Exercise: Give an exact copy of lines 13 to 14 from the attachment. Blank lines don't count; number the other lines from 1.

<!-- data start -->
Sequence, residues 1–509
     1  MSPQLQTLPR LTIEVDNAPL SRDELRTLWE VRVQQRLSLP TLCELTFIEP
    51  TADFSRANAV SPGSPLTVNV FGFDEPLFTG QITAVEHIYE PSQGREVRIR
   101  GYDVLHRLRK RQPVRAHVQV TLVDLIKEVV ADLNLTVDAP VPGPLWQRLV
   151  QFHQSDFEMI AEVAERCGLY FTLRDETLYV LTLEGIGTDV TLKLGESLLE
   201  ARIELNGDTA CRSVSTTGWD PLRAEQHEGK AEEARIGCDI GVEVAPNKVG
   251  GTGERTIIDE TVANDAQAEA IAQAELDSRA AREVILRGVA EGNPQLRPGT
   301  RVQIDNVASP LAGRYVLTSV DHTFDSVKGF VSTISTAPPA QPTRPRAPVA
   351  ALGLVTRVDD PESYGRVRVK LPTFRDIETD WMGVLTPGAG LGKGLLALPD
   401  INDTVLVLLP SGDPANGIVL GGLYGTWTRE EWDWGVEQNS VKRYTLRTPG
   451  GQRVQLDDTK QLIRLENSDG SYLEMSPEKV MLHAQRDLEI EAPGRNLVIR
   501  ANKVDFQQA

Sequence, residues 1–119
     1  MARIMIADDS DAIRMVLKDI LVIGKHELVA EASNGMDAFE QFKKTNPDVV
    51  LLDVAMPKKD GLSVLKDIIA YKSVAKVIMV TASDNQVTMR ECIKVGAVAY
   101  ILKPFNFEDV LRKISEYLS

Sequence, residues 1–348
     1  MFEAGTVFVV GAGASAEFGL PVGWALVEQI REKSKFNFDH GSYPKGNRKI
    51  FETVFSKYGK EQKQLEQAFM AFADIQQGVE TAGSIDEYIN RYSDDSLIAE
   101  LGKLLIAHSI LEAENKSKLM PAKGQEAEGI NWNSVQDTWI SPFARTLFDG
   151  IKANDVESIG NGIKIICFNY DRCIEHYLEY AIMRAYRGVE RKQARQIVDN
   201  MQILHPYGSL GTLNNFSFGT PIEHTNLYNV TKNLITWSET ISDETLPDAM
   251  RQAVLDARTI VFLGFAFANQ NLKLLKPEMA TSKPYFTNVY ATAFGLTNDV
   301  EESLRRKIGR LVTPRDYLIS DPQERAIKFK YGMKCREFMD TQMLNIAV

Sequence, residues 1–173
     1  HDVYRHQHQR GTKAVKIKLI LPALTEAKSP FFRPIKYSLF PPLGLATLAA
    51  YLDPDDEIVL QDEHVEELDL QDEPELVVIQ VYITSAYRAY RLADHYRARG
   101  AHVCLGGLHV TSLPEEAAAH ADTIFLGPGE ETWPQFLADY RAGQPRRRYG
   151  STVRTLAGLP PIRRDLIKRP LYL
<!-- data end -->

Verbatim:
Sequence, residues 1–119
     1  MARIMIADDS DAIRMVLKDI LVIGKHELVA EASNGMDAFE QFKKTNPDVV